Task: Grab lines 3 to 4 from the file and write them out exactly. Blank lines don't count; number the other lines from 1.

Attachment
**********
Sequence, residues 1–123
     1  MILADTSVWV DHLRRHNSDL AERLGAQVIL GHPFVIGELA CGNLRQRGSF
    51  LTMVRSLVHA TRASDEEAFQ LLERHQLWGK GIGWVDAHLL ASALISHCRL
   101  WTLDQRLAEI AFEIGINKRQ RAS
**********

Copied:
    51  LTMVRSLVHA TRASDEEAFQ LLERHQLWGK GIGWVDAHLL ASALISHCRL
   101  WTLDQRLAEI AFEIGINKRQ RAS